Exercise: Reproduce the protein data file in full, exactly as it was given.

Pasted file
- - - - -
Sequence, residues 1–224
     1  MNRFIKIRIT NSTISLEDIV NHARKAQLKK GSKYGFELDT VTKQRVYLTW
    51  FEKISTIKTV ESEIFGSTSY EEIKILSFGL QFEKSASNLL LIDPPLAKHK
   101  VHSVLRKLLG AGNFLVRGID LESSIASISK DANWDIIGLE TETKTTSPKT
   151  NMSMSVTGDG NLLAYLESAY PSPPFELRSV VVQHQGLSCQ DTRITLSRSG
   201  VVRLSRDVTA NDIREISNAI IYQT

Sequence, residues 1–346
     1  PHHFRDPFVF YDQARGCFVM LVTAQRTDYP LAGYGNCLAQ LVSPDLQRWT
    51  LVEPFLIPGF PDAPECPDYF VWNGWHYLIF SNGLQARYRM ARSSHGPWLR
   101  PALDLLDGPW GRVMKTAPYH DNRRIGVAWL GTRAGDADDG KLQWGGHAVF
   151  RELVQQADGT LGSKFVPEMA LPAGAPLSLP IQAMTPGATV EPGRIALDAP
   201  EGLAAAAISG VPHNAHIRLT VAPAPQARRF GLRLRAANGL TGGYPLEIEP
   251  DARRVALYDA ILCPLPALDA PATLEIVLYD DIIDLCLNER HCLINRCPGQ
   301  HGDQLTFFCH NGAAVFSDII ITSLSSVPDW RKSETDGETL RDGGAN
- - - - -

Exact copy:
Sequence, residues 1–224
     1  MNRFIKIRIT NSTISLEDIV NHARKAQLKK GSKYGFELDT VTKQRVYLTW
    51  FEKISTIKTV ESEIFGSTSY EEIKILSFGL QFEKSASNLL LIDPPLAKHK
   101  VHSVLRKLLG AGNFLVRGID LESSIASISK DANWDIIGLE TETKTTSPKT
   151  NMSMSVTGDG NLLAYLESAY PSPPFELRSV VVQHQGLSCQ DTRITLSRSG
   201  VVRLSRDVTA NDIREISNAI IYQT

Sequence, residues 1–346
     1  PHHFRDPFVF YDQARGCFVM LVTAQRTDYP LAGYGNCLAQ LVSPDLQRWT
    51  LVEPFLIPGF PDAPECPDYF VWNGWHYLIF SNGLQARYRM ARSSHGPWLR
   101  PALDLLDGPW GRVMKTAPYH DNRRIGVAWL GTRAGDADDG KLQWGGHAVF
   151  RELVQQADGT LGSKFVPEMA LPAGAPLSLP IQAMTPGATV EPGRIALDAP
   201  EGLAAAAISG VPHNAHIRLT VAPAPQARRF GLRLRAANGL TGGYPLEIEP
   251  DARRVALYDA ILCPLPALDA PATLEIVLYD DIIDLCLNER HCLINRCPGQ
   301  HGDQLTFFCH NGAAVFSDII ITSLSSVPDW RKSETDGETL RDGGAN